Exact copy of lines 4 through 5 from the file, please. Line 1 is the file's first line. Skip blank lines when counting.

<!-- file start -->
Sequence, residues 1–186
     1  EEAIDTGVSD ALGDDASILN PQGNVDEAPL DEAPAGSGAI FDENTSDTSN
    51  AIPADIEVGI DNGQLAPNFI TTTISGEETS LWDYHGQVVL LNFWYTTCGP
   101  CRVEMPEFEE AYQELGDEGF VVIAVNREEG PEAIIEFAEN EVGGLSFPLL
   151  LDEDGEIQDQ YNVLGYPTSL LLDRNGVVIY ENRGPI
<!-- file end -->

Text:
   101  CRVEMPEFEE AYQELGDEGF VVIAVNREEG PEAIIEFAEN EVGGLSFPLL
   151  LDEDGEIQDQ YNVLGYPTSL LLDRNGVVIY ENRGPI